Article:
Elite singers give their voices a work out.
"I used to think of them as athletes, but now I think of them as vocal ballet dancers," said Professor Monica McHenry, a voice researcher in the Department of Communication Sciences and Disorders.
The graceful scale of elite singers seems effortless. But elite singers can suffer from vocal fatigue if they don't take precautions. "In a soprano, for example, their vocal cords might be vibrating a thousand times a second, and they are producing a voice that's loud enough to fill an auditorium," she said.
McHenry is working with UH Moores School of Music's Joseph Evans, Dr. Eric Powitzky and 16 graduate students/singers to analyze the vocal cords before and after performances, looking for signs of fatigue, and, more importantly, ways to guard against it.
"We use a special camera that is attuned to the frequency of the vocal folds," said Powitzky. "It slows down the vocal vibrations like a strobe light, so we can simulate slow motion vibration of the vocal folds and see the patterns better."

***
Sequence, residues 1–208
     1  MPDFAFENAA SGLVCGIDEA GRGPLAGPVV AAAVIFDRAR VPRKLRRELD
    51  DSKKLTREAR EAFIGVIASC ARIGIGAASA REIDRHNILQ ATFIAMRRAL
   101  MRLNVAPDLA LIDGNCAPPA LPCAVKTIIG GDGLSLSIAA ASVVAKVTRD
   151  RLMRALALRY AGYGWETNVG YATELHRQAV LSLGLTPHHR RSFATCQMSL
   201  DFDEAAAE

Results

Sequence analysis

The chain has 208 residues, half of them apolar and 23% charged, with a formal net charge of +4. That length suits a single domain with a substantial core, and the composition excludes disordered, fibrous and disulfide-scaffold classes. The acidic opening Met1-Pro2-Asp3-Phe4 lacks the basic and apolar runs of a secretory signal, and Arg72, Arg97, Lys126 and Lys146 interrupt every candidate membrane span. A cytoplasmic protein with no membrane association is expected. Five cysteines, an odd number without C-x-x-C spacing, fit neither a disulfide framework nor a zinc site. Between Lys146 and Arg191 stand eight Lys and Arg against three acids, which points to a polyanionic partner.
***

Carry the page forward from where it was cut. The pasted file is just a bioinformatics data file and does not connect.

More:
Without proper training or precautions, vocal cords can suffer from swelling or hemorrhages.
The cameras take several images before a performance and do the same right after a performance to compare the condition of the vocal cords.
Additionally, McHenry records the students singing one note softly and at full voice, before and after a performance.
"This is a measure where we'll see is how efficiently they're able to convert air to sound," she said.
McHenry and Evans have been studying singers for nearly a decade. She says their efforts will yield protocols for those who rely on the voice for their occupation, like teachers and singers.
"We want to teach people how to preserve their voice, so they can keep doing these astounding things with it."
Voice research is part of what's happening at the University of Houston. I'm Marisa Ramirez
(With thanks to the Moores School of Music for the excerpt from their performance, Salsipuedes)